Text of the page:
Beyond Borders

This week, as the crisis in Ukraine seems no closer to resolution despite the agreement reached in Geneva, Poland welcomed some 150 soldiers from the 173rd Airborne Brigade Combat Team at a military airbase in Swidwin, north-west Poland to carry out joint exercises with Polish soldiers. Over the next few days a further 450 soldiers will be sent to fellow NATO member states Estonia, Latvia and Lithuania. Poland has been pushing for such a gesture for some time and Prime Minister Tusk said that more paratroops could be brought in “at any moment”, bringing the contingent to a full brigade. The US Ambassador to Poland said that it was the US duty within the NATO framework to assure Poland about its security guarantees, especially at a time “when the Transatlantic Community is facing an inadmissible wave of aggression on Poland’s neighbour, Ukraine.” As the Pentagon press secretary Rear Admiral John Kirby had said earlier: “It’s a very tangible representation of our commitment to our security obligations in Europe, and the message is to the people of those countries and to the alliance that we do take it seriously” And he continued: “And I think if there’s a message to Moscow, it is the same exact message – that we take our obligations very, very seriously on the continent of Europe.”

I am sure brother Putin will be suitably chastened, or most likely not. The sad fact is, excepting Poland, most NATO countries are cutting their defence spending and capabilities which sends a much clearer message to Moscow – and any other aggressor – than any amount finger waving, empty rhetoric and a few token troop movements. Of course, as I wrote in Answer This!, I do not think Russia has any intention to take on NATO or to act otherwise than to use the excuse of intervening to protect ethnic Russians, as a way of securing what it perceives to be its own regional interests.

And, to be fair, the EU has played its hand very badly, helped by a loss of nerve by Yanukovych (who had been elected, however much that election might be criticized) who fled the country the day after reaching an agreement with the foreign ministers of Germany, France and Poland which might have allowed the Ukraine to proceed in a semi-orderly fashion to the election next month. Instead of which an interim government installed, in effect, by a coup by protestors on the streets of Kiev, now struggles to exercise any authority over the eastern regions in the face or armed thugs, supported by Russia, who are not slow to say what’s sauce for the goose is sauce for the gander (or whatever that may be in Russian). Baroness Ashton’s hugging of Julia Tymoshenko (more part of the problem than the solution) was as unwise as was the latter’s addressing the crowds in Kiev from her wheel chair unpersuasive. Added to which is the propaganda coup of a peaceful takeover of Crimea, following a referendum which, however spuriously, does allow Putin to claim adherence to a democratic process.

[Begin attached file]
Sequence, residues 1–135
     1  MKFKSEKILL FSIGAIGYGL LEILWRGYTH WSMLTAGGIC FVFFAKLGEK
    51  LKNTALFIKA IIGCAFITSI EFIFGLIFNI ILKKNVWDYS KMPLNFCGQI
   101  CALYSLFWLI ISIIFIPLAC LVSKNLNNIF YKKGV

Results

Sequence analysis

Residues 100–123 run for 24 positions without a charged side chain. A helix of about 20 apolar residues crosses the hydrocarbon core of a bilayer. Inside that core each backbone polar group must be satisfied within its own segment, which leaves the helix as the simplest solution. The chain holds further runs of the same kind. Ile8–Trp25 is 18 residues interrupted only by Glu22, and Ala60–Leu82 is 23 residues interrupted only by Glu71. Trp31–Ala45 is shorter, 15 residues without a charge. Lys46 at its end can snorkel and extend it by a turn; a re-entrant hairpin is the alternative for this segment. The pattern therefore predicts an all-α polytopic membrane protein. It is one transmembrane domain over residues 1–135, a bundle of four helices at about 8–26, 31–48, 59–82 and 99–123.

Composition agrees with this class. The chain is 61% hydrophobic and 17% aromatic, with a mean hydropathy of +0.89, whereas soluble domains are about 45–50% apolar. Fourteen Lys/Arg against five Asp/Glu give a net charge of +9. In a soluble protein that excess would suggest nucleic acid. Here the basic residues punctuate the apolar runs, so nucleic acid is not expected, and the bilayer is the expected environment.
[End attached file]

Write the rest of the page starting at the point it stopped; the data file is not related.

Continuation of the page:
All very awkward, especially in the light of the West’s decade long forays in Iraq, Afghanistan, Libya, and confusion over Syria, which have not actually made the world a safer place other than for fanatical Islamic terrorists. Ironically, however unpleasant their regimes towards their own citizens, the secular military kleptocracies of Saddam Hussein, Colonel Gaddafi, President Mubarak and President Assad did keep the Muslim brotherhood in check, tolerate other religions, and rhetoric aside, not sponsor Islamic terrorism. Hard as it may be to accept, we were all much safer before these “interventions” than we are now as in large parts of the Middle East intolerant extremism runs riot. And the average citizen of these countries is much worse off too as the over-hyped “Arab Spring” has given way to the chaotic extremist winter. That’s what happens when you intervene militarily without a long term plan and a long term commitment to rebuild the peace.

Putin knows this and he knows that war weariness has overcome the Unites States, the United Kingdom et al and that more foreign interventions beyond NATO borders are simply out of the question for the time being. Putin’s calculation must be, therefore, that apart from the wailing and gnashing of teeth he has little to fear from his exploits in the Ukraine and that sanctions are a minor temporary inconvenience, a price worth paying as he seeks to restore some of mother Russia’s glory.

Be that as it may, if only (as this week’s Private Eye cover has it) Ukraine would comply with Putin’s request to move its border away from the Russian troops, all would be well.

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